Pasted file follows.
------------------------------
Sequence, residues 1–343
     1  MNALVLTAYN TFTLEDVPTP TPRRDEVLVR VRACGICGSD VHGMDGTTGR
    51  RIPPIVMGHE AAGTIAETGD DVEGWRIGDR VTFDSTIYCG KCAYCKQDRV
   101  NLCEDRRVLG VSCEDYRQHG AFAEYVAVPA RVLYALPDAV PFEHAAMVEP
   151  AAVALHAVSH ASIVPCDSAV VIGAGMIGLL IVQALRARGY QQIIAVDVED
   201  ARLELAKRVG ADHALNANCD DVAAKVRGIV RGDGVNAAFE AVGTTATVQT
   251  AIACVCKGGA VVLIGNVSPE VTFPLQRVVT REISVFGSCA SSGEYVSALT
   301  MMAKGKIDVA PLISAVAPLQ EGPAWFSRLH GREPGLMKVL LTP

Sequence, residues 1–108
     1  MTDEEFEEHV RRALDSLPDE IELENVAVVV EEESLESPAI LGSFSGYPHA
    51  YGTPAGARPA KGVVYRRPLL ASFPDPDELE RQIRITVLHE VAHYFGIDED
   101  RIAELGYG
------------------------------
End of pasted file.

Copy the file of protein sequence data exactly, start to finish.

Sequence, residues 1–343
     1  MNALVLTAYN TFTLEDVPTP TPRRDEVLVR VRACGICGSD VHGMDGTTGR
    51  RIPPIVMGHE AAGTIAETGD DVEGWRIGDR VTFDSTIYCG KCAYCKQDRV
   101  NLCEDRRVLG VSCEDYRQHG AFAEYVAVPA RVLYALPDAV PFEHAAMVEP
   151  AAVALHAVSH ASIVPCDSAV VIGAGMIGLL IVQALRARGY QQIIAVDVED
   201  ARLELAKRVG ADHALNANCD DVAAKVRGIV RGDGVNAAFE AVGTTATVQT
   251  AIACVCKGGA VVLIGNVSPE VTFPLQRVVT REISVFGSCA SSGEYVSALT
   301  MMAKGKIDVA PLISAVAPLQ EGPAWFSRLH GREPGLMKVL LTP

Sequence, residues 1–108
     1  MTDEEFEEHV RRALDSLPDE IELENVAVVV EEESLESPAI LGSFSGYPHA
    51  YGTPAGARPA KGVVYRRPLL ASFPDPDELE RQIRITVLHE VAHYFGIDED
   101  RIAELGYG